Pte. CARL C. CASSAN WRITES.
Pte. C. Cassan, son of Mr. and Mr. Albert Cassan, Campbellford, in a letter tells of the good spirits of the boys at the front. He says:
People at home think that everything over here is hard work and everything is on the dark side, but believe me, there is the sunny side to this sort of thing the same as everything else, and we have far better times and more of them than any of you people at home think we have. People at home imagine we are always at the front line. Well, that is where they get the wrong idea; we have rests as regular as we go in the front line and when we come out on these rests is the time we enjoy ourselves. I am not worrying. If it was not for the risk we are taking, there would be nothing to it, whatever. So don't get it in your head that we don't enjoy ourselves as well as the rest of the people. I never felt better or looked better in my life than I do now and don't think I am home sick the same as some make out they are; of course there is no place like home, but I am not worrying about anything and I don't want you to, for there is no reason in it, or no use of it.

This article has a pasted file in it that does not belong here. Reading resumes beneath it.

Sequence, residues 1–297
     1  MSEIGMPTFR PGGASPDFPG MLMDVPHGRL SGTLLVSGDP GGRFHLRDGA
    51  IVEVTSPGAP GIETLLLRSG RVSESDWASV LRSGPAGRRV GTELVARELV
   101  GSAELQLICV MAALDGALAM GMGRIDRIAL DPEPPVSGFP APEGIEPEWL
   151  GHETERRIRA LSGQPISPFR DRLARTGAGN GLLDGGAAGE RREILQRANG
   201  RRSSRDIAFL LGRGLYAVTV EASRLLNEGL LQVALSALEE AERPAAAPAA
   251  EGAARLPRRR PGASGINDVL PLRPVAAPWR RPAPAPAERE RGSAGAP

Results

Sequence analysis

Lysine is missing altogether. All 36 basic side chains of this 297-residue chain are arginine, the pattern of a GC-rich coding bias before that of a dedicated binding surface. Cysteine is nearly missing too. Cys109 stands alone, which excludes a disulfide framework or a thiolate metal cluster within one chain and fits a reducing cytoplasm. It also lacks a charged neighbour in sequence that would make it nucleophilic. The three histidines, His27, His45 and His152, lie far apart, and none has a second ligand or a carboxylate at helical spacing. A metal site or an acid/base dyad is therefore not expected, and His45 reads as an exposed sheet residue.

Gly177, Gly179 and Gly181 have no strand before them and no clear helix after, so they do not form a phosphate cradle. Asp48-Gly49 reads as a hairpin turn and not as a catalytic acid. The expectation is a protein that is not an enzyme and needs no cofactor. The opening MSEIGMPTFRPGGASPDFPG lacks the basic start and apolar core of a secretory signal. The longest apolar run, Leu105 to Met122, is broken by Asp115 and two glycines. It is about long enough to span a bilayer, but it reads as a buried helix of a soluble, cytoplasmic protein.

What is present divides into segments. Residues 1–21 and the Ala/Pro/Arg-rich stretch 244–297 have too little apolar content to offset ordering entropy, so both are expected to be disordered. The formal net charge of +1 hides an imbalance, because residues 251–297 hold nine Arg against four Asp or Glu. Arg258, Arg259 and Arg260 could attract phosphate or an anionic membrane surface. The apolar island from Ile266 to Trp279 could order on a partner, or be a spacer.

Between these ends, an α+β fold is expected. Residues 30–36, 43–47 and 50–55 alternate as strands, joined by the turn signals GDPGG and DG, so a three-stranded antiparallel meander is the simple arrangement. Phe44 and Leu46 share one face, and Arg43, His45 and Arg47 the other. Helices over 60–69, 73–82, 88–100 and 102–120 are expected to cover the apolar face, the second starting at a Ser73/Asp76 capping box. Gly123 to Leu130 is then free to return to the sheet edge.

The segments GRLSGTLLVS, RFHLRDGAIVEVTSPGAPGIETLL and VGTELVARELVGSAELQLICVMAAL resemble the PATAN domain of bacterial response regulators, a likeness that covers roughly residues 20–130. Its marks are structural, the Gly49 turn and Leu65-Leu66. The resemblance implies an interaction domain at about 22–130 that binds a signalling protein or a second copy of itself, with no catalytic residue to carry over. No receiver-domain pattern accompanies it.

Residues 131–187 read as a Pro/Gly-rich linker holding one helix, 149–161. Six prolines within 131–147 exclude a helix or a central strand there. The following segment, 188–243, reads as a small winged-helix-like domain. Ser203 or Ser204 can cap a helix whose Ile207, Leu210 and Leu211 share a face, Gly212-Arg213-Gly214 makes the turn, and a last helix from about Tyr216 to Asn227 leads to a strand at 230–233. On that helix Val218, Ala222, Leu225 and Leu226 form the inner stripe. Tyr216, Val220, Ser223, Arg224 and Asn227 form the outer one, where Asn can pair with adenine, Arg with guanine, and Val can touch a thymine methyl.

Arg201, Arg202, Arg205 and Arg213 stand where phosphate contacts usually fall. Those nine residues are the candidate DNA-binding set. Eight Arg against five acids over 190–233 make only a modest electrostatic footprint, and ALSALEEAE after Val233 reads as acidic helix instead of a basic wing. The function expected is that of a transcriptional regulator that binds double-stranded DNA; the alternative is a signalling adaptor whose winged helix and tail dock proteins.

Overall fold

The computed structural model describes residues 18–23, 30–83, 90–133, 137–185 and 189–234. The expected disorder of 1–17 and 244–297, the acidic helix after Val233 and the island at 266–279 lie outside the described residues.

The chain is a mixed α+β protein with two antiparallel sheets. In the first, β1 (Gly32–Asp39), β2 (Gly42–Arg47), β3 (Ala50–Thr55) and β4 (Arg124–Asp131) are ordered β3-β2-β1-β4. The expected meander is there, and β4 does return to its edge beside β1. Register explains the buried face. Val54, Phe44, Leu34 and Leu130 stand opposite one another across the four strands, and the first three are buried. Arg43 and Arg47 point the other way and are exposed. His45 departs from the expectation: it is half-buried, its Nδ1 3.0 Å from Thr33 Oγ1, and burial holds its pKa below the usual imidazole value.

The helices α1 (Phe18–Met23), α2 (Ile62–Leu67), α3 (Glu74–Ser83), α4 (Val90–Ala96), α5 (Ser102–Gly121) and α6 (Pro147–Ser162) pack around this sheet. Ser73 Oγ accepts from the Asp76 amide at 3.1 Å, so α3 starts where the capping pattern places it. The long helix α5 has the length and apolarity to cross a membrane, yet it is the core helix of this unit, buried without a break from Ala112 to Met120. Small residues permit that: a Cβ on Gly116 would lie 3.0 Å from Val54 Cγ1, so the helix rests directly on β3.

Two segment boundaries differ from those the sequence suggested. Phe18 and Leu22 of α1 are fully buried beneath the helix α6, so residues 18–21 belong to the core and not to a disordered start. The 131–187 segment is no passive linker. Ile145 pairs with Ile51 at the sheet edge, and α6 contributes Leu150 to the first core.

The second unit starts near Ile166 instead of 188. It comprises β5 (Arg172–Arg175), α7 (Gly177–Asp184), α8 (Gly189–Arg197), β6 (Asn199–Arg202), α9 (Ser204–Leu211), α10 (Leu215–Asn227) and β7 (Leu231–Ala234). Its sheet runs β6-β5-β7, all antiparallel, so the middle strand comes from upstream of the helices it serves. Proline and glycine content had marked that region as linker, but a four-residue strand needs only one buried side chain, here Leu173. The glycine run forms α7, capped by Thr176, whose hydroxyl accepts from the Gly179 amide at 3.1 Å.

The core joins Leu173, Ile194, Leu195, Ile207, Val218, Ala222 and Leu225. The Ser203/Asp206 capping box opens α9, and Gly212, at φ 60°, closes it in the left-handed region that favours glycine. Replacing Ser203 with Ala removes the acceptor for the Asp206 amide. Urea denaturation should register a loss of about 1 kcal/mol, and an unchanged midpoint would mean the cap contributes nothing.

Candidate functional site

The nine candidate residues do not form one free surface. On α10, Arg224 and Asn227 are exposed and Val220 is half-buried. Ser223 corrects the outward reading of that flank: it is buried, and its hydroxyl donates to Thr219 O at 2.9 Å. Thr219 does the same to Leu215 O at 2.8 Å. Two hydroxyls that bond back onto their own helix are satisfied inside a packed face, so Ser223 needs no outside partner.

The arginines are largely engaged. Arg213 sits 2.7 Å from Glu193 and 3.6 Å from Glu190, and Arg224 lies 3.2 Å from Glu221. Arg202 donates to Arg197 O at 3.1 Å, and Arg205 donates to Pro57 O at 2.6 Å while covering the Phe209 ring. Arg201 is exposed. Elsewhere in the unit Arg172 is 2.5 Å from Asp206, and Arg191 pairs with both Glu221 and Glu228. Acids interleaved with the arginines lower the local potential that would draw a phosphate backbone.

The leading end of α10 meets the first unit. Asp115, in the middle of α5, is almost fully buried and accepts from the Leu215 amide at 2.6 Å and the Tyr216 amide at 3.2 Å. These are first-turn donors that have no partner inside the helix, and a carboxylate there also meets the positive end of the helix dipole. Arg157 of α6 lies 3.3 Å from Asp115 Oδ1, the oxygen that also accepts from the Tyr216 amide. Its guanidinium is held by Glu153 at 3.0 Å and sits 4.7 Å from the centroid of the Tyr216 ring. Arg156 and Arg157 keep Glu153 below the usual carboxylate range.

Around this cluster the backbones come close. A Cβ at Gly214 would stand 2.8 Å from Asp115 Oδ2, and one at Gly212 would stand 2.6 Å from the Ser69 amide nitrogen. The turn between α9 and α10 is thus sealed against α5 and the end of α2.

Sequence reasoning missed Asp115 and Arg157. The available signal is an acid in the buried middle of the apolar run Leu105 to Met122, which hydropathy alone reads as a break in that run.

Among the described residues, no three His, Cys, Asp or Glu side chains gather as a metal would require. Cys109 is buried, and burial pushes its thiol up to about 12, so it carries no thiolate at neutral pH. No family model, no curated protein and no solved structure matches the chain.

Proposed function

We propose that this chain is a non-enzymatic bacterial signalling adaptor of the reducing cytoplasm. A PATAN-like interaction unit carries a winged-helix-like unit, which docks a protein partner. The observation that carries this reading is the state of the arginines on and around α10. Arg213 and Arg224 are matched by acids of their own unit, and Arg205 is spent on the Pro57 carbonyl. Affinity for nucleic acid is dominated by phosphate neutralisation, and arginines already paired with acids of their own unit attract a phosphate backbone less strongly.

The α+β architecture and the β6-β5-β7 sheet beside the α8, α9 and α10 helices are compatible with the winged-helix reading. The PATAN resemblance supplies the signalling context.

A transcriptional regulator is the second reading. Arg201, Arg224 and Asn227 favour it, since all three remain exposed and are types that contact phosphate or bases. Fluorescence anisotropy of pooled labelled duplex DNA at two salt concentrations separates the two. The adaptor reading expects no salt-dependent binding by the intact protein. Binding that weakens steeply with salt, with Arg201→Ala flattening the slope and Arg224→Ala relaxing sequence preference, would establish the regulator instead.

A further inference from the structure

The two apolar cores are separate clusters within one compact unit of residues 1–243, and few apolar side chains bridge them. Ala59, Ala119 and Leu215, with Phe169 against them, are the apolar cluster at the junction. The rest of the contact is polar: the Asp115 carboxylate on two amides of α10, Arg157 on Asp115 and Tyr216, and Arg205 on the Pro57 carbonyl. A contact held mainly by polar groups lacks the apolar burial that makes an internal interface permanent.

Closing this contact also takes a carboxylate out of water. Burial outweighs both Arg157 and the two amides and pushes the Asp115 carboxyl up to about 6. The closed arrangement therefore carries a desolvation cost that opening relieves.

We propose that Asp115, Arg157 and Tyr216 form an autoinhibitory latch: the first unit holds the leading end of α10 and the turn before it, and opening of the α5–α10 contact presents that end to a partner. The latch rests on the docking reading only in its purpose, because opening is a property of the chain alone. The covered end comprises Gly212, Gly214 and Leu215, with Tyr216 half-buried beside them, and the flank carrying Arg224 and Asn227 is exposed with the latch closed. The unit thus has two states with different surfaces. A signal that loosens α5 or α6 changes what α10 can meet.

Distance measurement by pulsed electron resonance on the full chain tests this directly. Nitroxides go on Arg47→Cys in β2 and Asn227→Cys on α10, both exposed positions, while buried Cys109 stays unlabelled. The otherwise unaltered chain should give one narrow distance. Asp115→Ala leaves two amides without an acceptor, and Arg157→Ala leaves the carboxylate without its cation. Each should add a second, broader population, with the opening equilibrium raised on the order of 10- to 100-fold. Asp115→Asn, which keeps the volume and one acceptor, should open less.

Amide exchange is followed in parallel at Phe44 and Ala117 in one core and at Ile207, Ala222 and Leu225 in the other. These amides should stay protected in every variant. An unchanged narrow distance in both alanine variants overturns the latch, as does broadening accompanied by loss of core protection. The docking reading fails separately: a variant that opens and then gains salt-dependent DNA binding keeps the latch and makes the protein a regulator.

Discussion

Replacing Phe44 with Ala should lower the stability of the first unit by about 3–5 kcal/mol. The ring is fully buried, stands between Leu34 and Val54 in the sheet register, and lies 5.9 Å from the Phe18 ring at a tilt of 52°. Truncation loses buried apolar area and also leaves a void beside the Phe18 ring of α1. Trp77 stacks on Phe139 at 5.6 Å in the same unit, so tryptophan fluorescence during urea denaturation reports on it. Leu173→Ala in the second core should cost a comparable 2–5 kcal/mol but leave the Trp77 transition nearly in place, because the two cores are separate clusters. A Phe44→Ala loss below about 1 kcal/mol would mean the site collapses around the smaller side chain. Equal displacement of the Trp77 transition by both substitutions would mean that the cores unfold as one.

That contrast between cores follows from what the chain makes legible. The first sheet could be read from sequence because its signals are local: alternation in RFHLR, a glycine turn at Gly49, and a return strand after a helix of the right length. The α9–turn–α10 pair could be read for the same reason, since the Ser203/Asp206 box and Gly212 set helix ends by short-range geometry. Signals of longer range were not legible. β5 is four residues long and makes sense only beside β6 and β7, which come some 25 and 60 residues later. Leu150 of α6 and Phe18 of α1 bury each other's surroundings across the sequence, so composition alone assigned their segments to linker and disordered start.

We are commencing to have the signs of fall here now. Rain is the principal feature the last few days and it is raining at the present time, but 'I should worry.' I am in a good warm hut with a fire in it, so everything is fine and dandy.
There has been no Canadian mail in now for about three weeks so it is likely that I will get a couple or three letters when they come, also that box of cakes that you were sending the week after you sent the socks. I received the socks and handkerchiefs all O.K. It is rather tough luck when a fellow don't hear from home, but it can't be helped but a person looks forward to a letter from home and when it don't come he is rather disappointed.
It sure is funny to hear the lads when the Canadian mail don't come in. They chew the rag and pass a few strong opinions on the matter and so forth. It sure makes a fellow laugh to hear them.